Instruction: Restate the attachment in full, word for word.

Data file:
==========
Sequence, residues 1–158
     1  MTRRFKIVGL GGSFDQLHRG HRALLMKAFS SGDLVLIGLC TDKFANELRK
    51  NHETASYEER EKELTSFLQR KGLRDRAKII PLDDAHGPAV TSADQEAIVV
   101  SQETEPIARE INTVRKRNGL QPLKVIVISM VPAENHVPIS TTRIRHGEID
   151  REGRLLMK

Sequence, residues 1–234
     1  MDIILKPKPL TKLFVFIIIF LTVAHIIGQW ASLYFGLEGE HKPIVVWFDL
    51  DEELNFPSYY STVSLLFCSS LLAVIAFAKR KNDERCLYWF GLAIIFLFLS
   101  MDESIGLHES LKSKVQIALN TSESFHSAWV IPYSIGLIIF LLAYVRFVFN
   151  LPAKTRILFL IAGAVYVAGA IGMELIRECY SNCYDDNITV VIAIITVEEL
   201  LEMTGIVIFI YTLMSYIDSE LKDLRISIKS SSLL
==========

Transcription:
Sequence, residues 1–158
     1  MTRRFKIVGL GGSFDQLHRG HRALLMKAFS SGDLVLIGLC TDKFANELRK
    51  NHETASYEER EKELTSFLQR KGLRDRAKII PLDDAHGPAV TSADQEAIVV
   101  SQETEPIARE INTVRKRNGL QPLKVIVISM VPAENHVPIS TTRIRHGEID
   151  REGRLLMK

Sequence, residues 1–234
     1  MDIILKPKPL TKLFVFIIIF LTVAHIIGQW ASLYFGLEGE HKPIVVWFDL
    51  DEELNFPSYY STVSLLFCSS LLAVIAFAKR KNDERCLYWF GLAIIFLFLS
   101  MDESIGLHES LKSKVQIALN TSESFHSAWV IPYSIGLIIF LLAYVRFVFN
   151  LPAKTRILFL IAGAVYVAGA IGMELIRECY SNCYDDNITV VIAIITVEEL
   201  LEMTGIVIFI YTLMSYIDSE LKDLRISIKS SSLL